As the fastest growing vehicle in charitable giving, donor advised funds (DAFs) have become a major part of the philanthropic landscape in America1. There are numerous features that have contributed to the rising popularity of DAFs, including simple start up and management, maximized and upfront tax benefits, the ability to accept a variety of assets, and no restrictions on the timing of fund distribution.
With donors flocking to DAFs, there has been growing national conversation in charitable and legislative circles on how these funds ought to work to achieve the greatest good. One of the primary points of discussion has been how, or if, distribution requirements should be applied to ensure dollars in these funds are actively flowing to charities.
Do DAFs Need Payout Regulation?
Advocates of implementing distribution requirements argue that the absence of regulation is harming working charities because there is no guarantee fund balances will be imminently sent out to recipients2. However, others would argue that distribution regulation tends to reduce the rate at which dollars are granted3. As seen in the private foundations space, the 5% minimum distribution requirement often becomes the maximum that is distributed4. DAFs already grant out at 4 times the rate of private foundations, so as these funds grow in popularity, the question will continue to be asked if regulations will help or hinder the distribution of dollars to the frontlines1.
The Signatry’s Perspective
As a foundation that sponsors DAFs, The Signatry routinely lives in the tension of these two views. With a vision of solving the world’s greatest problems, we put our best efforts towards dollars flowing out to fuel good work around the globe. As a ministry dedicated to seeing families flourish for generations, we also understand the value and importance of maintaining and passing on charitable assets. To address if distribution regulations are needed to increase impact, an important perspective to clarify is that every dollar in a donor advised fund, whether it is granted out today or saved up for future granting, is contributing to generational impact:
Dollars granted out today will affect individuals and communities and change the trajectory of their lives and their descendant’s lives forever.
- The woman freed from trafficking can go on to free others
through a nonprofit.
- The orphan who is adopted completes a family and adds a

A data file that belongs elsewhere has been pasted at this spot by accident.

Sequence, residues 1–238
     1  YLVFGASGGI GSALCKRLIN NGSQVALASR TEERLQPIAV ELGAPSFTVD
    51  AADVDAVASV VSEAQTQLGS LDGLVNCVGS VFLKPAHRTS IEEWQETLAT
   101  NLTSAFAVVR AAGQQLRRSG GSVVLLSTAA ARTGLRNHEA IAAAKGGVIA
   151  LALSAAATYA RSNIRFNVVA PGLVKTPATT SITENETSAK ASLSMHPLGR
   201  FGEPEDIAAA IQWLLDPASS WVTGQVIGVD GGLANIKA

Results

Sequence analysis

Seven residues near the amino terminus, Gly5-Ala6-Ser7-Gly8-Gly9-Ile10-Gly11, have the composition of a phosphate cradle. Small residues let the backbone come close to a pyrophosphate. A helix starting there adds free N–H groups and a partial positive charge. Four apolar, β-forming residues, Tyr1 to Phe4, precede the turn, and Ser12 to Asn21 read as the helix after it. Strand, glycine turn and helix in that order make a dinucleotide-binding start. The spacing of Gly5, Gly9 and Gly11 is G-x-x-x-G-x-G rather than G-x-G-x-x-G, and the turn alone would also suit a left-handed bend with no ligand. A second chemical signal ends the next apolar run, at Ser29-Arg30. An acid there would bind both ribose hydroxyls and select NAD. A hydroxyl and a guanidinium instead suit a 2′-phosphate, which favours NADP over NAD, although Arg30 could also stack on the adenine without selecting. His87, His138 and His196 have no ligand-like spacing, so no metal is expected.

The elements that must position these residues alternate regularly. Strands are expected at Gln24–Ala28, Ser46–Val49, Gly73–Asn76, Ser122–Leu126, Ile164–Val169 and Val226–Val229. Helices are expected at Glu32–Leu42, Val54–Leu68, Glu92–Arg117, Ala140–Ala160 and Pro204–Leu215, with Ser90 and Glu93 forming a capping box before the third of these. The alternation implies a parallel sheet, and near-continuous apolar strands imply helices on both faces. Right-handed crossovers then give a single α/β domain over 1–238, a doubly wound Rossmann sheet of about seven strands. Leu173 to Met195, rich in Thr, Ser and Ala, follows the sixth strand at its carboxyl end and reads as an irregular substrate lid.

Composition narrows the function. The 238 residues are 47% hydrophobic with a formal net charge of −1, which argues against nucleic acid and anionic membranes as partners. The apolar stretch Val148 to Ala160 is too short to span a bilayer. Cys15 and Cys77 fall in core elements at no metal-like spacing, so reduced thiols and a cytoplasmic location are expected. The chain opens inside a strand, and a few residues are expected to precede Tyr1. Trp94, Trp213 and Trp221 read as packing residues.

chapter to its story.
- The child that is given an education can start a business that
changes a community.
Dollars that stay within the fund longer are impacting generations, too.
- Balances can grow to make larger grants in the future possible and still achieve impact today through values-based investments in organizations doing good work in the world.
- Families can transform over time by passing on values, practicing stewardship, and discovering the power and joy of generosity.
- Everyday donors can build up fund balances to make special gifts like funding an adoption outright, sponsoring a missionary journey, or planting a church.
This perspective reveals that generational impact is inherent to how donor advised funds work. The notion that dollars not granted today are dollars failing to do good falls flat when considering how dollars that stay in the fund can have as much, if not more, impact today and down the road. Even with this perspective, however, it still is critical for each DAF sponsor to take responsibility for determining how they balance the “now” and “later” of grantmaking based on the best interest of their clients and their own charitable purpose. Whether through self-imposed policies, new ways of engagement, or other options, it will take a multi-layered approach to continue to foster greater generosity.
A Community Committed to Generational Impact
At The Signatry, we see many donors committed to sending resources to the field, with 70% of funds distributing grants above the industry standard, and we also see families, businesses, and charities strategically building up their fund balances with great purpose in mind. As our donors respond to God’s call to give, we remain committed to partnering with them to see families endure and lives changed as we champion incredible generosity.
1 – National Philanthropic Trust, “The 2020 DAF Report”
2 – Forbes, “There’s a Target on Charity’s Booming Donor Advised Funds”
3 – Nonprofit Quarterly, “Do Donor Advised Funds Require Regulatory Attention?”
4 – The Foundation Center, “Understanding and Benchmarking Foundation Payout”